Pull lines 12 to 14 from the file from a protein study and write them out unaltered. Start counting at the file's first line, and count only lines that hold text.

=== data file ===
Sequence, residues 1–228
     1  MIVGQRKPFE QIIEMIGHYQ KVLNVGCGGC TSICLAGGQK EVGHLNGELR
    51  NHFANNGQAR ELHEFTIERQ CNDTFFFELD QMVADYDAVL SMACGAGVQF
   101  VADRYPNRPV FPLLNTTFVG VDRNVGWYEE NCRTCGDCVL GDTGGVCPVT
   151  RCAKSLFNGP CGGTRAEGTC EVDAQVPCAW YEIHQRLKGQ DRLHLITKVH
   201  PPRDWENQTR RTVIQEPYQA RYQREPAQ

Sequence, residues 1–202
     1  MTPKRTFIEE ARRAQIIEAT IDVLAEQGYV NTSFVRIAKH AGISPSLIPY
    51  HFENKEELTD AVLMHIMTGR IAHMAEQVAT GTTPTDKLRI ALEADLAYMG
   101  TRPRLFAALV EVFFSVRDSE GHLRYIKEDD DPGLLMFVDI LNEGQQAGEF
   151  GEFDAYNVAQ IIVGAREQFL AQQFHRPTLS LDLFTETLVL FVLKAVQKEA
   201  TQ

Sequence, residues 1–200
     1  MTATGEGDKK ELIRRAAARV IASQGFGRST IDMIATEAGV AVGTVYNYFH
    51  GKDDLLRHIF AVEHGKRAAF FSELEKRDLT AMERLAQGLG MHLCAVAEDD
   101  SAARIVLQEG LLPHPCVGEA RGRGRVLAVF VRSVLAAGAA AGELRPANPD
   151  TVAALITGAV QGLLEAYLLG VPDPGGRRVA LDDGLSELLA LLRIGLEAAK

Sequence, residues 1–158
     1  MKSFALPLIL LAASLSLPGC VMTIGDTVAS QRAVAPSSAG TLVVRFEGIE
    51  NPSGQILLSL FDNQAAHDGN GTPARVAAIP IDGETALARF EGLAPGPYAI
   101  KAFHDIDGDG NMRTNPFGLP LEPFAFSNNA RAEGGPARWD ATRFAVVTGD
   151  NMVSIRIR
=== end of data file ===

   201  TQ

Sequence, residues 1–200
     1  MTATGEGDKK ELIRRAAARV IASQGFGRST IDMIATEAGV AVGTVYNYFH